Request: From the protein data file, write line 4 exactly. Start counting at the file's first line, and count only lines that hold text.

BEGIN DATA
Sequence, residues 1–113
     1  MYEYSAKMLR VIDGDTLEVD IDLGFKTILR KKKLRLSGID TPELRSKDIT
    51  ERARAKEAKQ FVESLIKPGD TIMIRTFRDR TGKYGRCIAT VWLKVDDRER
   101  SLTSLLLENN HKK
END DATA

   101  SLTSLLLENN HKK